The caramel notes of the aged rum contributed greatly to both the Scaffa's aroma and the flavors in the sip. Next, on the swallow, the rum's grassiness meshed with the Benedictine and Angostura's herbalness, and the finish highlighted the liqueur's minty notes.

m. and st. l.

1 jigger Old Bourbon (1 oz Fighting Cock)
1 jigger Applejack (1 oz Laird's)
Juice 1/2 Lemon (1/2 oz)
1 barspoon Cointreau (1/2 oz)
(1/4 oz Simple Syrup)
1 dash Angostura Bitters

Shake with ice and strain into a rocks glass with fresh ice. Garnish with an orange twist.

Two Saturdays ago, we began the cocktail hour with a drink, the M. and St. L., from Ted Saucier's Bottoms Up. The recipe was attributed to Lucian C. Sprague who was the chairman of the Minneapolis & St. Louis Railway. I had probably skipped over the drink before because the recipe comes off as rather tart; however, I have gotten used to tweaking recipes from my forays into Pioneers of Mixing at Elite Bars: 1903-1933. Therefore, I upped the Cointreau from an eighth of an ounce to a half an ounce. Even with equal parts of lemon juice and orange liqueur, it was still rather tart; perhaps, the aggressive Fighting Cock Bourbon played a roll here. To each drink, I added a quarter ounce of simple syrup which seemed to get the balance in the right ball park.
ted saucier bottoms up
The M. and St. L.'s orange twist's aroma joined that of the Bourbon. A fruity sip from the apple, lemon, and orange elements was followed by the whiskey with a slightly tart finish. Perhaps, a less aggressive Bourbon and a more assertive apple brandy would have made for a more interesting drink, but it was still an enjoyable Daisy.

Wednesday, April 10, 2013


1 1/4 oz Gin (Martin Miller Westbourne)
2/3 oz Amer or Amaro (one with Averna, another with Cynar)
2/3 oz Sweet Vermouth (Cocchi)
1/4 oz Maraschino Liqueur (Luxardo)
2 dash Orange Bitters (Regan's)

Stir with ice and strain into a cocktail glass. Garnish with an orange twist.

Two Fridays ago, I was flipping through World's Best Cocktails when I spotted the Amertinez. The recipe was created by Chris Hannah at Arnaud's French 75 bar in New Orleans as a Martinez created with an amer or amaro. The amaro was not in place of the classic's gin but in place of half of the sweet vermouth (in an equal parts recipe) or perhaps in addition to the sweet vermouth (in a 2:1 recipe). As I bandied about bitter liqueurs to use with Andrea, I decided to make two -- one with Averna and one with Cynar.
chris hannah arnaud french 75 amertinez amaro martinez
The Cynar one was my favorite and it greeted me with orange oil and Maraschino notes on the nose. A caramel and sweet vermouth sip led into a gin swallow. After the gin came the Cynar which worked well with the Maraschino funkiness here. Meanwhile, the Averna one was Andrea's favorite for she found it more complex and possessing a prettier color. The drink greeted me with an orange and caramel aroma. The caramel continued on into the sip where it mingled with the sweet vermouth's grape. Next, the gin began the swallow that ended with the Averna dominating the Maraschino notes. Overall, the Cynar Amertinez had a thinner mouthfeel but a more earthy and quirky nature, and the Averna one was more balanced and had a less domineering Maraschino presence.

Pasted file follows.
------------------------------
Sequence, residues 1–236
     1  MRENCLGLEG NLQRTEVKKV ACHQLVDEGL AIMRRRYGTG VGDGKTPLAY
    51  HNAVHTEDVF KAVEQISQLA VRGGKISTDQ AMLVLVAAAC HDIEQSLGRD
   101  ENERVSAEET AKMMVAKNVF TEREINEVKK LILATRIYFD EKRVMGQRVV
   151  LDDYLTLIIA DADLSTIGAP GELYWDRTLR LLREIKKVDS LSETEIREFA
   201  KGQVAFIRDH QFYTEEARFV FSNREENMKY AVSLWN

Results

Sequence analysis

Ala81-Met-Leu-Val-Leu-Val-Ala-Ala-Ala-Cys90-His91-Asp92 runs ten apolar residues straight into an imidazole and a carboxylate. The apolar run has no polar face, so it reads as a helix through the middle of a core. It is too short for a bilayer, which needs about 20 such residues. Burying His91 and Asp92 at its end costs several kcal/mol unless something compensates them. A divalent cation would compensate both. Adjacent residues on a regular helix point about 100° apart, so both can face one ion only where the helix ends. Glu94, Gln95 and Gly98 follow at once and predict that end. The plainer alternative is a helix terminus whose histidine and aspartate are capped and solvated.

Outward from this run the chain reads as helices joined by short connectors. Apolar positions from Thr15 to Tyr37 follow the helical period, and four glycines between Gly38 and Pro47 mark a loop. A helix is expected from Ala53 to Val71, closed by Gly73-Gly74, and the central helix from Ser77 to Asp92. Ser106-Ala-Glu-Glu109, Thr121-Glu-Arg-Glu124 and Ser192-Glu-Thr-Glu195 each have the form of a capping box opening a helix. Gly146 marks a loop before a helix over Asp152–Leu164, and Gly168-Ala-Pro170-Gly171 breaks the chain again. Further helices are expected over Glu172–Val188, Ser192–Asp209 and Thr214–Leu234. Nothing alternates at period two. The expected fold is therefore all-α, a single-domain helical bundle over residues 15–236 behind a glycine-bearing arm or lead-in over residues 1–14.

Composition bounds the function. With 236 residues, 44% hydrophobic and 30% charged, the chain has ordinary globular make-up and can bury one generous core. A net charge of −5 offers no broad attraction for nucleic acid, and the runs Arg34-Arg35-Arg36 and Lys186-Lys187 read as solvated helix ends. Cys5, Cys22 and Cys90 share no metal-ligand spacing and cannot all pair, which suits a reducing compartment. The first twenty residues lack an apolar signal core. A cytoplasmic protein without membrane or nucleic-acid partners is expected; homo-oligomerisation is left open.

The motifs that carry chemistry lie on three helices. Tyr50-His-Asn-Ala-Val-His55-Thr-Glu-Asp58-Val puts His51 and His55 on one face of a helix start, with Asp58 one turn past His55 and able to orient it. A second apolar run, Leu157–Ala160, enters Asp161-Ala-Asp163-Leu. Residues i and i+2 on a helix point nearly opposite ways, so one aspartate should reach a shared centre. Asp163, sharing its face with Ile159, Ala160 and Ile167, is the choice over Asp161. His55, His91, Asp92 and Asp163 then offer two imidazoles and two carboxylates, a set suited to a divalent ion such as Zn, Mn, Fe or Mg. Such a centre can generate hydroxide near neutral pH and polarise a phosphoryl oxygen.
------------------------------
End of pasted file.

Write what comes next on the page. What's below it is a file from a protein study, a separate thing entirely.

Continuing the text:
Tuesday, April 9, 2013

rum club daiquiri

2 oz Baccardi 8 Rum (Don Q Añejo)
3/4 oz Lime Juice
1/2 oz Demerara Syrup 2:1
1/4 oz Maraschino Liqueur (Luxardo)
1 dash Angostura Bitters
6-8 drop Absinthe (Obsello)

Shake with ice and strain into a cocktail glass.

After the Dunhill, I reached for the rum booklet of The Cocktail Hour series. There, I spotted the Rum Club Daiquiri created by Michael Shea. I regret not making it the Rum Club when we were in Portland, Oregon, last October, especially since we were close -- we made it to Beaker & Flask next door, but our timing did not allow for it. Apparently, it is one of the industry hangouts for the Portland bartending scene.
rum club daiquiri michael shea
The Rum Club Daiquiri appeared like a Hemingway Daiquiri with bitters and absinthe but without the grapefruit juice. On the nose, the rum's richness and the bitters' spice began the drink. A lime sip contained some of the Maraschino liqueur's cherry flavors, and the swallow showcased the rum, nutty Maraschino, and spice notes.


1/4 jigger Gin (1 oz Hayman's Navy Strength)
1/4 jigger Sherry (1 oz Lustau East India Solera)
1/4 jigger Dry Vermouth (1 oz Noilly Prat + Dolin)
2 drop Curaçao (1/4 oz Pierre Ferrand)
1 dash Absinthe (1 barspoon Obsello)

Stir with ice and strain into a cocktail glass. Garnish with an olive (omitted).
william boothby world drinks and how to mix them
Two Thursdays ago, we began the cocktail hour with the Dunhill, a drink from the 1934 reprint of William Boothby's World Drinks and How to Mix Them. The recipe enticed me since it appeared like a 19th century Perfect Martini variation. Once mixed, it began with an anise and herbal-filled bouquet from the absinthe. Next, a grape sip led into a swallow that began with gin followed by a raisiny orange flavor, and finished with absinthe notes. Overall, it felt like the sherry and dry vermouth combination donated more body than if it were a double part of sweet vermouth here instead.

Monday, April 8, 2013


2/3 Rye Whiskey (1 1/2 oz Old Overholt)
1/3 Sweet Vermouth (3/4 oz Cocchi)